Compared to Thursday night, the second day of the draft was pretty anti-climatic for the Baltimore Ravens. They made no trades in rounds two or three, instead standing pat and making two selections. As they often do, the Ravens let the board play out organically and allow a prospect they like fall into their lap.
These guys were David Ojabo at pick No. 45 and Travis Jones at No. 76. Let’s break down the winners and losers from these moves on Day 2 of the draft.
Winner: Mike Macdonald
Between Kyle Hamilton, David Ojabo and Travis Jones, the Ravens have now added three talented players at three different positions. In terms of sheer talent and upside, Hamilton and Ojabo might both be Top-15 prospects, and the Ravens were able to land both of them.
The Ravens are giving Mike Macdonald some legitimate Day 1 contributors to work into the defense. Of course, Ojabo may be unavailable for a good portion of the 2022 season, but his upside and potential impact when eventually on the field is undeniable. Macdonald also has to be thrilled to have Ojabo back under his tutelage after the junior’s 11-sack season in Ann Arbor last year.
Hamilton and Jones, though, can factor into the equation right away. Macdonald must be salivating already thinking of possibilities to deploy Hamilton in the defensive backfield as a chess-piece type player.
Loser: Achilles injuries
There’s no doubt the Ravens are taking on a bit of risk in drafting Ojabo. A torn achilles is one of the more frightening injuries for an athlete to suffer, in any sport at that, because of the flucuating recovery timelines and potential for re-injury or diminished athleticism.
This isn’t to say Ojabo can’t or isn’t likely to make a full recovery, but there’s inherinit risk when you invest in a prospect who just suffered said injury less than two months ago. There’s also the added factor that Tyus Bowser, another edge rusher already on the roster, is currently recovering from the exact same injury.
So, the Ravens will now be at the mercy of the injury gods, in a way, in hoping that both players can return to 100% health and ability in the near future.
Winner: Storylines and familiarity
Ojabo to Baltimore just made too much sense all along for it not to happen. When he was still on the board at No. 45, you had to know the Ravens were going to select him. It’s been well-documented now that Ojabo is already well-connected to the Ravens for a number of reasons.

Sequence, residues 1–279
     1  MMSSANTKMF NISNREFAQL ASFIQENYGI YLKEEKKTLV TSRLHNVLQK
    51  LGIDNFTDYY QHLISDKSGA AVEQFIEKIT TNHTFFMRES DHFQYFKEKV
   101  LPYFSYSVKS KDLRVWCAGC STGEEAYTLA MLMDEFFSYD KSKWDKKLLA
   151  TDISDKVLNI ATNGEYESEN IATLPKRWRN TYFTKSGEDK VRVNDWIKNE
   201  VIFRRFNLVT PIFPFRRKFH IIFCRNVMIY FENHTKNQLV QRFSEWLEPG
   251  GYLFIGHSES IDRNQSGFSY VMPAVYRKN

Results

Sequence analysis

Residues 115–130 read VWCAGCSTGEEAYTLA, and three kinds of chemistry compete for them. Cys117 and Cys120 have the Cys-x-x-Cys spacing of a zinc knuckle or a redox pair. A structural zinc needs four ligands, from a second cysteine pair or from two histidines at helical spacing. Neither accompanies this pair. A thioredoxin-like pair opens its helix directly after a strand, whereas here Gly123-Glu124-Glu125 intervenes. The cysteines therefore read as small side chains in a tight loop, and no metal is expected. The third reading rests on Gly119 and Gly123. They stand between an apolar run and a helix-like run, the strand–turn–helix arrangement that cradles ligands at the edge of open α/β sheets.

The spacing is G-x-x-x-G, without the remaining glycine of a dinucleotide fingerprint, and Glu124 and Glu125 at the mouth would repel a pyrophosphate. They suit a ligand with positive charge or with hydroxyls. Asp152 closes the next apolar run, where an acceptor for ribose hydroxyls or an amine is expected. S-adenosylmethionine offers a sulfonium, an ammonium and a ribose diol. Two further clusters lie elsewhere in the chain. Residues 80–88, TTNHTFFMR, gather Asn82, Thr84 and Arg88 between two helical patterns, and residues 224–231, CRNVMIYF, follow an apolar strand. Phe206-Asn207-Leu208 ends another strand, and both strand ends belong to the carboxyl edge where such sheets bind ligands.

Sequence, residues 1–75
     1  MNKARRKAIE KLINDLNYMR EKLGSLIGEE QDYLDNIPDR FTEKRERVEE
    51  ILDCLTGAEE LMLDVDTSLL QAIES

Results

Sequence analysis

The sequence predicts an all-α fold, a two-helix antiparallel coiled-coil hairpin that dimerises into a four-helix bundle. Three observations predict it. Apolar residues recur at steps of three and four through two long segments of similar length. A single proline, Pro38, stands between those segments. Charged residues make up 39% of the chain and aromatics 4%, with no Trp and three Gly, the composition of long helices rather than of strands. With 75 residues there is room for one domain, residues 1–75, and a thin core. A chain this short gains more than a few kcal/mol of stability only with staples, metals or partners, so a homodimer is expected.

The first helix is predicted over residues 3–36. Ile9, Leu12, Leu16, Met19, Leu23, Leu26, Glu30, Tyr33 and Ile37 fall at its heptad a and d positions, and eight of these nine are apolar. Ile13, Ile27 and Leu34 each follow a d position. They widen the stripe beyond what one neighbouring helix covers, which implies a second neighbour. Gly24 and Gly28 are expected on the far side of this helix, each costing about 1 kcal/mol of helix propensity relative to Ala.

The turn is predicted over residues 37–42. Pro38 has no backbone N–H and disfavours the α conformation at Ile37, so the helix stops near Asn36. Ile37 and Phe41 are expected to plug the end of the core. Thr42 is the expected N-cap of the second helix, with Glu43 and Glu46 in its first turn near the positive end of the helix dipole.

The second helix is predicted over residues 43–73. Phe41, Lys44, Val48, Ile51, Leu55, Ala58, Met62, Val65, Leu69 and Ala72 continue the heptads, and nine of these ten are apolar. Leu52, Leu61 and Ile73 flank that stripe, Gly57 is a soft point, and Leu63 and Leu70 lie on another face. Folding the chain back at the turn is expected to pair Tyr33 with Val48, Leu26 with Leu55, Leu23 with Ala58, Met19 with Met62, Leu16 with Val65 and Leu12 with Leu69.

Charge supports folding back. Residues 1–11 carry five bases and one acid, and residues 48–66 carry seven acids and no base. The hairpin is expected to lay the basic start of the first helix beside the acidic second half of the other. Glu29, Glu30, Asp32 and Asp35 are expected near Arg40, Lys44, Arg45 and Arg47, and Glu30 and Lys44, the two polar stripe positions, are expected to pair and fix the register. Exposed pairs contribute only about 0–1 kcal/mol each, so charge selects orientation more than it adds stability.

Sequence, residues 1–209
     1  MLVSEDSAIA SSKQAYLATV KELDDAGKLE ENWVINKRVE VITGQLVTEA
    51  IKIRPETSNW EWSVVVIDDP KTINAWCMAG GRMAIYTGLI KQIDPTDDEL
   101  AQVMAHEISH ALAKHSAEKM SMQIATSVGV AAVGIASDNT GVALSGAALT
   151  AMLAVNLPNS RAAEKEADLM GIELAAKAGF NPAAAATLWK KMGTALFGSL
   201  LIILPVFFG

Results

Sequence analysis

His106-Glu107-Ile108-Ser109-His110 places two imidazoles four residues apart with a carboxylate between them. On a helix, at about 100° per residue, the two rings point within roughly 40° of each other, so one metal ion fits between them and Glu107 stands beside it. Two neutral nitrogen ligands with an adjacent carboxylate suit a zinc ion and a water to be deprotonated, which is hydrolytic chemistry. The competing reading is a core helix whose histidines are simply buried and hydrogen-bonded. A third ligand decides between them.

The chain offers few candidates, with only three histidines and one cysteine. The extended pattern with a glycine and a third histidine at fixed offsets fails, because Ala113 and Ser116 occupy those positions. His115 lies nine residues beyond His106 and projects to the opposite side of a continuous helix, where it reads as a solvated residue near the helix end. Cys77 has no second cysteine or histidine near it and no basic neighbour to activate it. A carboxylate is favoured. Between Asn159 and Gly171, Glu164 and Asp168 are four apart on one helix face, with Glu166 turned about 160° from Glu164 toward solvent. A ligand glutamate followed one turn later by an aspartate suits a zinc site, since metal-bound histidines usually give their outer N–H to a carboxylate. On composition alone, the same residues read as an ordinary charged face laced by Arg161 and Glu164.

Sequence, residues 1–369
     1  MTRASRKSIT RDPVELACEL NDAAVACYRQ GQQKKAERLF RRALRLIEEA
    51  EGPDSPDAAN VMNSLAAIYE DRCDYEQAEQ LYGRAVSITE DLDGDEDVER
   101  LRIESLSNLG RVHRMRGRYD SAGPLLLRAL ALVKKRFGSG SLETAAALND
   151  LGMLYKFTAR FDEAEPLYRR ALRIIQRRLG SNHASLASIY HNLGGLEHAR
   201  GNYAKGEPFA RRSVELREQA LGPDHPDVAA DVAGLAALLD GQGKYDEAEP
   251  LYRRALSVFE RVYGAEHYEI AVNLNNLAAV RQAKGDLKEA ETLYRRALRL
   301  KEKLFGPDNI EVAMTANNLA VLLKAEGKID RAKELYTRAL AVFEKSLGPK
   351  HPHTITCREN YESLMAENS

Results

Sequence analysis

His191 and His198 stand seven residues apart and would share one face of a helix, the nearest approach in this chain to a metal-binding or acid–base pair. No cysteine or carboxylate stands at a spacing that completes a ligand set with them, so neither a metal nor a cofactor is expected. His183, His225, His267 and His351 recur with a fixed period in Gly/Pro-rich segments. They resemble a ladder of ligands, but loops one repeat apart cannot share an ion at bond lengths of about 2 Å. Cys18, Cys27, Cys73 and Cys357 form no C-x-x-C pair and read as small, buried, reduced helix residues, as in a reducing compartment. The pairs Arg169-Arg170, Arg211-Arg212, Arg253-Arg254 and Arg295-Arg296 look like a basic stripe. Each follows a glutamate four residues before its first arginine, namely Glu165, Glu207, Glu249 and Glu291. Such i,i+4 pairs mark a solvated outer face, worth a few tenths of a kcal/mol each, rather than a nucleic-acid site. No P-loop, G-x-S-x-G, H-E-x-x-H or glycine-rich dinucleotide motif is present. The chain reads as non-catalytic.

First, he played under Mike Macdonald at Michigan last season, so he’ll have the same defensive coordinator. Second, he played high school football with Odafe Oweh and the two have remained close friends to this day. Aside from he brings to the table as an actual player, these types of subplots add to the excitement surrounding the pick overall.
Ojabo is not walking into an uncomfortable situation by any means. Considering he will need additional time in his injury recovery, this degree of existing comfortability in the organization can only be an added bonus.
Loser: Cornerback depth
There are still a number of cornerbacks the Ravens can draft on Day 3, and it’s possible if not likely they will double-dip at the position. However, cornerback was still one of their biggest needs entering Friday night and a number of prospects went off the board in the second and third rounds who would have been nice fits for the Ravens.
Guys like Roger McCreary, Kyler Gordon and Andrew Booth were taken shortly before they picked at No. 45. Cam Taylor-Britt and Martin Emerson were picked, in-division too, before the No. 76 spot. They probably could have pushed to trade back into the tail-end of the third round to take a corner but opted not to.
The sky isn’t falling, but if you had said before the draft that the Ravens would not take a cornerback with on of their first four picks, you’d likely have been surprised and/or concerned. Their depth chart is still pretty barren behind the starters as of right now.
Winner: Devin Duvernay, Tylan Wallace, James Proche
We’ve already talked about how Rashod Bateman is the big winner from the Ravens’ decision to trade Marquise Brown, as he now steps into the No. 1 wide receiver role. However, many anticipated the Ravens would draft a wideout on Day, possibly even with the No. 45 pick.
It’s possible they intended to but the board didn’t fall in their favor. Either way they did not take one, which means at least for the time being, that means less external competition for the Ravens’ trio of young receivers behind Bateman.
If the Ravens really didn’t feel comfortable with one of these players potentially having to step into an expanded role in 2022, they could have taken a wideout with one of their Day 2 picks or traded back into the third round to do so. They may still draft one in the fourth round, but that player won’t be as highly-touted of a prospect as they could have gotten earlier.